Is this the time of the essay? CounterText: Volume 9, Issue 3

by Mario Aquilina

‘Is this the time of the essay?’ Or ‘is the essay out of time?’ ‘What is time in the essay?’ ‘What, actually, is the essay, today?’ ‘Do we, in post-literary times, keep focusing on the essay as a genre, or do we turn, instead, towards the essayistic as a mode that appears in many forms but does not belong exclusively to any of them?’ ‘What, then, would essayistic time be, and what does it do in not only the essay but also in manifestoes, film, photography and multimodal digital spaces?’ These are some of the key questions addressed in the special issue of CounterText on ‘The Time of the Essay’ (2023, Volume 9.3).

Adopting a wide range of perspectives — some arguing for a political understanding of the essay and its potential, others preferring to focus on the formal characteristics of the form — contributors draw from the rich history of the essay while focusing on the contemporary manifestations of the essayistic in a range of genres and modes. The issue includes articles on: the personal essay in hard times (Jenny Spinner); the post-internet essay (Sarah Edwards); contemporary essayistic trends in the performing arts (Jasper Delbecke); the blended genre of the essay manifesto (Carsten Junker); the occasionality of the essay (Kathryn Murphy); the dialctics of essayism (Thijs Lijster); and time in the essay, or, essayistic temporality (Mario Aquilina).

The issue also includes a personal essay by Bob Cowser Jr, ‘Last June’, recounting and reflecting on the author’s return to his family home shortly before his mother passed away, as well as an excerpt from Ogutu Muraya’s ‘The Ocean Is Always Trying to Pull You In’, a text that is also inspired by personal experience and that is also reflective, while including strong elements of fictionality, thus demonstrating the permeability of the essayistic. This and other aspects of Muraya’s work, which tends to combine different modalities of expression and which positions itself in what may be described as a countertextual relation to the literary (specifically Western conceptions of it), are discussed in a conversation between Mario Aquilina and Ogutu Muraya.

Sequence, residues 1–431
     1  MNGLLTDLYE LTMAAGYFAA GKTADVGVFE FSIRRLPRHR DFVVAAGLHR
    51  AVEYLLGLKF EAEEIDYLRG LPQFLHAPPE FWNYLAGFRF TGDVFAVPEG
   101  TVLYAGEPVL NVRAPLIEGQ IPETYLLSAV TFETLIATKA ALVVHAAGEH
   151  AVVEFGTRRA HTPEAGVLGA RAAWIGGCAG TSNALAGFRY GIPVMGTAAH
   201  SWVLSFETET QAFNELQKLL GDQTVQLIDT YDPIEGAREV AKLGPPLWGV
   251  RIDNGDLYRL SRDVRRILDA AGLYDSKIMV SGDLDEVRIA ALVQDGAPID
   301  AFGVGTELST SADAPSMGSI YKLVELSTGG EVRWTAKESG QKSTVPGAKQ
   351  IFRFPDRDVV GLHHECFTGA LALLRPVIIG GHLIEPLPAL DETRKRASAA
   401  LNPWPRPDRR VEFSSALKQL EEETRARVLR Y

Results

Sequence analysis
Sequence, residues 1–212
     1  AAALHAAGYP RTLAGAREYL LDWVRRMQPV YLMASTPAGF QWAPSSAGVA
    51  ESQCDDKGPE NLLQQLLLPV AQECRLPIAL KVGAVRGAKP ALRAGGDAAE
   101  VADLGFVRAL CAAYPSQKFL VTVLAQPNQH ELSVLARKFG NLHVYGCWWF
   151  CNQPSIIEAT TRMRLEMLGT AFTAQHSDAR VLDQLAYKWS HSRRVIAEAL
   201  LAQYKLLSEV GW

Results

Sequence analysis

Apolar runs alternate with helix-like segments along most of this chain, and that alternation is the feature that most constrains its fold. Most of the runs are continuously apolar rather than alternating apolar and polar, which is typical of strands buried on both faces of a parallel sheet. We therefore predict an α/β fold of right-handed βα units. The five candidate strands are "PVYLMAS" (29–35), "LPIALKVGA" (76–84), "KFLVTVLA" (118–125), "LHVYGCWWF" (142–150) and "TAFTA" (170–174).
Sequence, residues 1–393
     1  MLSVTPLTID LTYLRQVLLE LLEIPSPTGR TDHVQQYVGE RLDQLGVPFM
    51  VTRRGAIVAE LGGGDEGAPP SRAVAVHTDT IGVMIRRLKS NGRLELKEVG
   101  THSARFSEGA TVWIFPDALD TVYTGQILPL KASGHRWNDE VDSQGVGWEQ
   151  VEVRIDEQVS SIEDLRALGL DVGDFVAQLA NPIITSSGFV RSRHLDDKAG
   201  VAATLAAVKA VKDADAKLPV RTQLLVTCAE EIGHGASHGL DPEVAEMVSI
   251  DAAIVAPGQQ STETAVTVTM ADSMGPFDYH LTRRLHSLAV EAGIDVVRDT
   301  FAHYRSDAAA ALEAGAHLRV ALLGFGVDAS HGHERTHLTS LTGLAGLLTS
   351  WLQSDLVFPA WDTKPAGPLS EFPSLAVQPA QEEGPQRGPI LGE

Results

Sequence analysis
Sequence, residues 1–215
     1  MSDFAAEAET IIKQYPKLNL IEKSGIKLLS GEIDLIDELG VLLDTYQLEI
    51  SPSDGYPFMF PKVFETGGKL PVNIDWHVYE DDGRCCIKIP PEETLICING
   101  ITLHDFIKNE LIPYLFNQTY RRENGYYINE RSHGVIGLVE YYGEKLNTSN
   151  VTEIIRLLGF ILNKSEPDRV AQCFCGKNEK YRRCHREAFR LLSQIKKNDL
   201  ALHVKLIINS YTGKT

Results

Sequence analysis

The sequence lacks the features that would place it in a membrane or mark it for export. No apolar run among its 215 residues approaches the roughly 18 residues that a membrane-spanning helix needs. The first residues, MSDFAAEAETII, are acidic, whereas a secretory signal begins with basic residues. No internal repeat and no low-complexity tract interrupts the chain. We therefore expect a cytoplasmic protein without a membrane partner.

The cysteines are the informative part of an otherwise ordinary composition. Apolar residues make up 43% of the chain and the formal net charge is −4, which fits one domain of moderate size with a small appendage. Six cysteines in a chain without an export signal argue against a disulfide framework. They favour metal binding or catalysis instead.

The issue is guest edited by Mario Aquilina, whose contributions to contemporary discussions about the essay and the essayistic include editing The Essay at the Limits: Poetics, Politics and Form (Bloomsbury, 2021) and co-editing The Edinburgh Companion to the Essay (Edinburgh University Press, 2022) with Nicole B. Wallack and Bob Cowser Jr.

About the journal

CounterText focuses on contemporary literary and post-literary cultures, publishing articles, interviews and creative work centred on the study of literature and its 21st-century extensions. It poses questions such as: Is literature what it used to be? Are the broader resonances of the literary being overtaken in the drifts towards image cultures, digital spaces, globalisation and technoscientific advances? Or might the literary simply be elsewhere?

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Edinburgh University Press
Edinburgh University Press
Articles: 100

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